Landlord and Tenant Work: Sets out the scope, timing and responsibility for all renovations, alterations and improvements, including leasehold improvements, which are required in order to ensure that the leased premises are suitable for dental practice requirements.
Leasehold Improvements: Outlines what alternations, installations, improvements or additions to a dental office are made by, or on behalf of the dental tenant, but will likely be surrendered to the landlord at the end of the lease term. Most dental office leases state that leasehold improvements following build out become the property of the landlord immediately upon affixation (i.e. cabinetry).
Lease: A contract or agreement in which a landlord gives a tenant (dentist/doctor) the right to occupy a defined space for a fixed period of time, at a specific price. Included are any amendments, modifications, additions, schedules, appendices, riders and other documents attached to the lease or intended to form part of the lease.
Lessee: The individual to whom a property is rented out under a lease, also known as “tenant”. A lessee may include any person(s) mentioned as tenant in the lease including its directors, officers, servants, employees, contractors, agents, invitees and licensees or those for whom tenant may be legally responsible for under the office lease.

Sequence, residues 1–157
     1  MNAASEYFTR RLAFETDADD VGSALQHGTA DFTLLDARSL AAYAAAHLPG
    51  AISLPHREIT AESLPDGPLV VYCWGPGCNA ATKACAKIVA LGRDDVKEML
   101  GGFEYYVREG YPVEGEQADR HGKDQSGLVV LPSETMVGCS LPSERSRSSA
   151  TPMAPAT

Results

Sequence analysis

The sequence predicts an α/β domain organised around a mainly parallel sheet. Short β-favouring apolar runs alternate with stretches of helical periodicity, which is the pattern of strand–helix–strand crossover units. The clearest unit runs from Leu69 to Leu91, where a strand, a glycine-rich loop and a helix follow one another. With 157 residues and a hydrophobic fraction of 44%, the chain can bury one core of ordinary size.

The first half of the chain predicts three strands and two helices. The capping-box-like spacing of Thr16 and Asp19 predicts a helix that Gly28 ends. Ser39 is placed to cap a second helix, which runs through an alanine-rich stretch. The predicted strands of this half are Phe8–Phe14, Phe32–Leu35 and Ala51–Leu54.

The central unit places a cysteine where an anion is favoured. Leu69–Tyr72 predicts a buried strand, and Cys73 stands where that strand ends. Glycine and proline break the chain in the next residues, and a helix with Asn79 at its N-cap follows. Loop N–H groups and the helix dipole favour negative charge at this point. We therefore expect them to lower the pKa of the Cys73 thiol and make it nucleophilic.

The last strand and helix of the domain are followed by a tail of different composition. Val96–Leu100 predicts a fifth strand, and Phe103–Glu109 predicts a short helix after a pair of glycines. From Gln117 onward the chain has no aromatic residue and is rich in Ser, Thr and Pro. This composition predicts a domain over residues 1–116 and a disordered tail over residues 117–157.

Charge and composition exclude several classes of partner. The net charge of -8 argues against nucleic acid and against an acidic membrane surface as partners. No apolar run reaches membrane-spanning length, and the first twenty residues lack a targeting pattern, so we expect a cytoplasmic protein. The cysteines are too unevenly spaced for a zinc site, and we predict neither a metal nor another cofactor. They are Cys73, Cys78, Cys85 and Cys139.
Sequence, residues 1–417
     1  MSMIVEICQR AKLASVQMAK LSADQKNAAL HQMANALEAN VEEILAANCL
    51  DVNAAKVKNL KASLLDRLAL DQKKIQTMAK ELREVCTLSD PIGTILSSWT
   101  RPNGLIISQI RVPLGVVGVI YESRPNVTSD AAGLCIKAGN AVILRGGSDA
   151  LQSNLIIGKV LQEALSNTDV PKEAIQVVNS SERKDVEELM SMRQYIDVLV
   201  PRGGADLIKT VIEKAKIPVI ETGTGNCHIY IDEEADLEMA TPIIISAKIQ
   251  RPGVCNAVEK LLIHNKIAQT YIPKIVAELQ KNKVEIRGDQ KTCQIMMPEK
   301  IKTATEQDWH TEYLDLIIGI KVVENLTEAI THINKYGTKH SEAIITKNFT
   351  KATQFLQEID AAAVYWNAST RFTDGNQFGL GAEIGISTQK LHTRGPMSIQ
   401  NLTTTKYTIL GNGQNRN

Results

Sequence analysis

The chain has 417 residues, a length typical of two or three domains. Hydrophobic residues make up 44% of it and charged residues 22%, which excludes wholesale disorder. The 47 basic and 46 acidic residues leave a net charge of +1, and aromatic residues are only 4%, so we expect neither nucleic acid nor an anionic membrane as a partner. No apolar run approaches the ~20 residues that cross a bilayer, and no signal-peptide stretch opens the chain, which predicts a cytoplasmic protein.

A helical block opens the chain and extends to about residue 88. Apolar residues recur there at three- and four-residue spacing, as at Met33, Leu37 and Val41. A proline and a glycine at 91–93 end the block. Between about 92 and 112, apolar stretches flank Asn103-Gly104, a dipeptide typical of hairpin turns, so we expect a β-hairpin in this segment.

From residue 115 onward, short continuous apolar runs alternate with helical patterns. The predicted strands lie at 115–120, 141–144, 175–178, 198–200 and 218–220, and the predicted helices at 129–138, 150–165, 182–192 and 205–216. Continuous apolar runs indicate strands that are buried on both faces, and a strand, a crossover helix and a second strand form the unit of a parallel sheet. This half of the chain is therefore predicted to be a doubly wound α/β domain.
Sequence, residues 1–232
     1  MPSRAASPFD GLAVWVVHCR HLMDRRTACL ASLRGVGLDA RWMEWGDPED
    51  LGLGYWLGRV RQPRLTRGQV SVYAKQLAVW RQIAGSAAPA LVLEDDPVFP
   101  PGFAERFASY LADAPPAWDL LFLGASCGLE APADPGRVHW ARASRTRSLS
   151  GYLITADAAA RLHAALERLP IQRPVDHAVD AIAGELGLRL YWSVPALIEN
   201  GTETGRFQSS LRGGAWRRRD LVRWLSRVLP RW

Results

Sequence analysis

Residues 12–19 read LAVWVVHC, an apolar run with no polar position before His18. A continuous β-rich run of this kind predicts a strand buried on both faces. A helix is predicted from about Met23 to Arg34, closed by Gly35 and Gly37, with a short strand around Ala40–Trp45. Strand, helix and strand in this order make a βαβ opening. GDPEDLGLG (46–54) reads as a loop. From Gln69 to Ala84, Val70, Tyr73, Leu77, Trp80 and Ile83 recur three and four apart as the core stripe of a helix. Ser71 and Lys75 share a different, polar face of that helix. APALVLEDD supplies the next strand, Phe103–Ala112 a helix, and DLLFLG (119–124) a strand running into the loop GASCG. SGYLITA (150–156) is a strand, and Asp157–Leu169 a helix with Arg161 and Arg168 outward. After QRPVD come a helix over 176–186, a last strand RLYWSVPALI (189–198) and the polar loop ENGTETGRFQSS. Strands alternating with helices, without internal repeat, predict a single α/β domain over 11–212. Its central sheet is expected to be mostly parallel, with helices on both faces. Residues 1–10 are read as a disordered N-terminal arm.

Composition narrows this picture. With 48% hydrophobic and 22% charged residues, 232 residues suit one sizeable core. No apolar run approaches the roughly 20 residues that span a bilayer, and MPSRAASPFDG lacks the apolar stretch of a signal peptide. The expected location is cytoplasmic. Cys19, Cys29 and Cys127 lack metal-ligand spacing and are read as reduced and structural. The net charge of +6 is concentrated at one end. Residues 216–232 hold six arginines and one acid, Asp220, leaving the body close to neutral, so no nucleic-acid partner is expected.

Lessor: The individual renting out a property to a tenant under a lease, also known as the “landlord”. The landlord may also include authorized representatives and agents including directors, officers, servants and employees or agents.
Letter of Intent (LOI): A document used prior to the dental office lease, outlining terms such as the location of the leased premises, rental rates, lease start date, length of the term, options to renew, tenant improvement allowances, financial deposits, etc. The LOI may be prepared as a binding or non-binding instrument.
Fair Market Value: The expected rental rates for a property in a defined real estate market that would reasonably be obtained by a willing landlord for similar premises from a willing tenant.
Option to Renew or Extend: Provisions within a dental office lease outlining the tenant’s right to renew or extend their lease for a previously agreed upon time period. If the landlord is prepared to provide the tenant with an option to renew/extend, then the tenant should insist the extended/renewed terms be on the same terms and conditions. If rental rates are to vary, the process of determining said rents should be mutually agreed upon, failing which, such determination should be subject to mediation, appraisal and/or arbitration.